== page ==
This Week’s Good Reads

Check out these interesting articles collected from around the web. There’s bound to be something here that interests you:

1. “Responding to Relapse: A Pastor’s Questions” by Jeff Forrey

Here’s a simple and yet insightful interaction between a pastor trying to help a congregant struggling with porn, and a seasoned Biblical Counselor guiding that pastor on what to do. It’s good as a peak into the layers of counseling that a struggle may require.

2. “An Introduction to the Thought of Alvin Plantinga” by William Edgar and K. Scott Oliphant

This is a fascinating look at the major contributions of Plantinga to both philosophy of religion and to Christian apologetics. Plantinga is one of the most important philosophers alive today and this brief intro evidences what makes him so important.

3. “Inner-City Living Makes for Healthier, Happier People, Study Finds” by Reuters

A fascinating report on a major new study that revealed people who lived in densely populated inner-cities are healthier and happier. The difference is found in both socializing and exercising, which the inner-city affords. The hope is that more studies like this will undo the myths about inner-city life and encourage more people to not only live there, but to work towards building up the city.

4. “The Dying Art of Disagreement” by Bret Stephens

This is one of the most brilliant things you’ll read this month! Stephens writes about the fact that as Americans we disagree more, and disagree more vehemently, than we have in previous generations, and yet our disagreements do not make us more intelligent. He writes about the true nature of free speech, and the importance of open debate for dialogue and healthy society. This represents such an important concept and correction to our current state. I highly recommend reading this long Op-Ed piece in the New York Times.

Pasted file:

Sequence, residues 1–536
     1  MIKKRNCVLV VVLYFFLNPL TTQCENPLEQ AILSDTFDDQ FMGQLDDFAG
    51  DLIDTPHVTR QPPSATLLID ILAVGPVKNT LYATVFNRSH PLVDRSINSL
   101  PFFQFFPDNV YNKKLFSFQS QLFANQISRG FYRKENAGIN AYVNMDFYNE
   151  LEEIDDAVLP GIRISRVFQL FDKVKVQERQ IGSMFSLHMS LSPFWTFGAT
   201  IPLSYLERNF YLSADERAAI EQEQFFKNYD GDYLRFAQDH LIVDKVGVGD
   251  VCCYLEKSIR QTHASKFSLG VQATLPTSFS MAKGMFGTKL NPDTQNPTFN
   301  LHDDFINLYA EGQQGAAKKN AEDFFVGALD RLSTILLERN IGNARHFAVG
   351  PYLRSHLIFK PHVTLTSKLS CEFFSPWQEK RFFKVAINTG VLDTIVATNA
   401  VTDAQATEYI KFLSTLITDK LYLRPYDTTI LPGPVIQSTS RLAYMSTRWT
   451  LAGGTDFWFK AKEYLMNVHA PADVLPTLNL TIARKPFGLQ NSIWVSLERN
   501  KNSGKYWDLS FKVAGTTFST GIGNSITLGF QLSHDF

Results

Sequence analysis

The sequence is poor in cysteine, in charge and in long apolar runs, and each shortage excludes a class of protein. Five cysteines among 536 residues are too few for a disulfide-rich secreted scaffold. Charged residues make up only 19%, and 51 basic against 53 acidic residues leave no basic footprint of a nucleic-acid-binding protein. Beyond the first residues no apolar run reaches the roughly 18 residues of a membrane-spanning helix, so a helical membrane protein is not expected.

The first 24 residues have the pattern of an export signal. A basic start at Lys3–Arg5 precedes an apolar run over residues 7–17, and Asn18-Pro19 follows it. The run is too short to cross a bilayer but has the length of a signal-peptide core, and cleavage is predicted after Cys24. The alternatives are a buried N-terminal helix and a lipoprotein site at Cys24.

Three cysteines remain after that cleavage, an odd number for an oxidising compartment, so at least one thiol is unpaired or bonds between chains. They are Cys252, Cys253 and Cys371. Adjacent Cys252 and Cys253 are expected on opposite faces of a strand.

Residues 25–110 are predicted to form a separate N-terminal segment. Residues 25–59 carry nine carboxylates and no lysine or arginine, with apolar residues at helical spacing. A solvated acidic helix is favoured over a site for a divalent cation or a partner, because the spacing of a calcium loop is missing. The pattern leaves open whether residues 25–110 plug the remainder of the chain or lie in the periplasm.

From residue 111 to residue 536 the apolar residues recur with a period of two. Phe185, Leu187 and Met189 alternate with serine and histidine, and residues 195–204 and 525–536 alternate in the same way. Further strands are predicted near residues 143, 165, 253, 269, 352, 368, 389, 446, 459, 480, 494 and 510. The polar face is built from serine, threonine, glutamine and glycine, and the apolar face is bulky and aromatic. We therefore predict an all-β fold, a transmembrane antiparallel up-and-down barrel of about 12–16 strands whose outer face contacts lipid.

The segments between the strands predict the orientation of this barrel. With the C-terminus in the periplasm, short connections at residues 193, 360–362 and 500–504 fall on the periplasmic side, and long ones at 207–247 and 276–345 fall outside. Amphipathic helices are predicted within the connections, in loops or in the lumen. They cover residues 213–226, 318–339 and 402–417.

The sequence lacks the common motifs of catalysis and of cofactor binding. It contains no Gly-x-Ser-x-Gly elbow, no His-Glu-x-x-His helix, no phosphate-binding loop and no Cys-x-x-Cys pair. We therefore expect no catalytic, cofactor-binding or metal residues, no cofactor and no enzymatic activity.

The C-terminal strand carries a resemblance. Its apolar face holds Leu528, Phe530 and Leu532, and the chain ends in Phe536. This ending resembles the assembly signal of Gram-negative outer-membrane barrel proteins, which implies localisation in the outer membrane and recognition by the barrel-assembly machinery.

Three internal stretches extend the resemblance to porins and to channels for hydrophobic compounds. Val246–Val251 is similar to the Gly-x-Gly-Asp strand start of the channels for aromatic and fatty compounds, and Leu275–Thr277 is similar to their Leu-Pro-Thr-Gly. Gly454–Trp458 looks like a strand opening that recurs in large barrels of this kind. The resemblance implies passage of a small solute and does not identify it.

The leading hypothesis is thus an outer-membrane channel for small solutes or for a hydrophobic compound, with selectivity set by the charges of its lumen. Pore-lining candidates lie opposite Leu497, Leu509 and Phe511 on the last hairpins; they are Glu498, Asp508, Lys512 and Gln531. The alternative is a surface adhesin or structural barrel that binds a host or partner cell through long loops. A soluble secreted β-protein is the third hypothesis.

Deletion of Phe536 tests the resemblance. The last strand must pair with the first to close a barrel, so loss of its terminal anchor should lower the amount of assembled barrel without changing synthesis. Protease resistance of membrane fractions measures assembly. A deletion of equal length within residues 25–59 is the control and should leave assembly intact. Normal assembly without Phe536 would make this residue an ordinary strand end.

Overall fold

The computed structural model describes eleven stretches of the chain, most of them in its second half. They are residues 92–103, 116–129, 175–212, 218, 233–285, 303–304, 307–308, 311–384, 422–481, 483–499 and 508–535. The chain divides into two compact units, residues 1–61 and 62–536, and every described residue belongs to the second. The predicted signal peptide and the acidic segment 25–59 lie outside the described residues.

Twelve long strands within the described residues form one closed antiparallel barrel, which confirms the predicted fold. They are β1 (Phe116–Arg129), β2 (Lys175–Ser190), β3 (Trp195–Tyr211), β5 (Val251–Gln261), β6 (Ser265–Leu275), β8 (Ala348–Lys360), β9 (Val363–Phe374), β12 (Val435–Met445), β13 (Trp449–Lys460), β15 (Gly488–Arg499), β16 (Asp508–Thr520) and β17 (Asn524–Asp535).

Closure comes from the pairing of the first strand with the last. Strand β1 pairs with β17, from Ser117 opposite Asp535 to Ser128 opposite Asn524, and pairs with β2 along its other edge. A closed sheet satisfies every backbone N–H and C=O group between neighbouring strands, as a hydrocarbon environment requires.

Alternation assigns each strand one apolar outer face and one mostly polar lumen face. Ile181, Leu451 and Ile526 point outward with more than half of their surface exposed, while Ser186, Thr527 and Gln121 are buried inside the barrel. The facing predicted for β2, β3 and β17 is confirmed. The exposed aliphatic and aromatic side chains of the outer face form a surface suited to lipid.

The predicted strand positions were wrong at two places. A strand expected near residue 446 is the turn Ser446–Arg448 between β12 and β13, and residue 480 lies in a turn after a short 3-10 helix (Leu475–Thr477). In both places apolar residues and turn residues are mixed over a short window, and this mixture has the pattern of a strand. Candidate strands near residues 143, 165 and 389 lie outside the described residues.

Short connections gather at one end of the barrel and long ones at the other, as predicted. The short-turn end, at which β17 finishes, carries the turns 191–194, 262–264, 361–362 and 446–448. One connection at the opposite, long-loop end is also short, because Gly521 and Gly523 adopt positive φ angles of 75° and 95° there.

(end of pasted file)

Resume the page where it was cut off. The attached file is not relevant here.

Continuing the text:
5. “Why the Doctrine of the Atonement Matters to the Poor” by Mez McConnell

There’s more to ministering to the poor than simply handing out food and other necessities. Mez McConnell knows what he is speaking about when he writes on this subject, and here he addresses the importance of doctrinal instruction in our ministry to the poor.

6. “Colin Kapernick vs Tim Tebow: A Tale of Two Christians On Their Knees” by Michael Frost

Frost has written a good piece here from the Washington Post on the difference between these two Christians and their two “knees.” His point is to stress that much of the church has adopted a particular “brand” of Christianity and as a result we are losing the influence of other good believers. The Kapernick Knee is just one example, he could draw from many others. While I question the way he phrases some of the things in this article I appreciate it much of what he says. I do find the Evangelical response to racial issues seriously flawed and am often very frustrated and saddened by it.

7. “How to Vet Potential Counseling Referral Sources” by Brad Hambrick

A tremendous guide for thinking about referrals in counseling. How do you decide if someone is going to be a good fit for your church and faith community? Brad Hambrick gives us a great tool for vetting other counseling professionals. I highly recommend this to all pastors.

8. “Is the Reformation Just a White Man’s Legacy: How the Reformation Addresses Social Exploitation” by Mika Edmonson

Personally, I wanted to see more of the historical analysis, but this author’s point is well-received. That the Reformation speaks to social ills is certainly true and offers then some orientation on how to apply the movement of reform to the church today in a fresh way.

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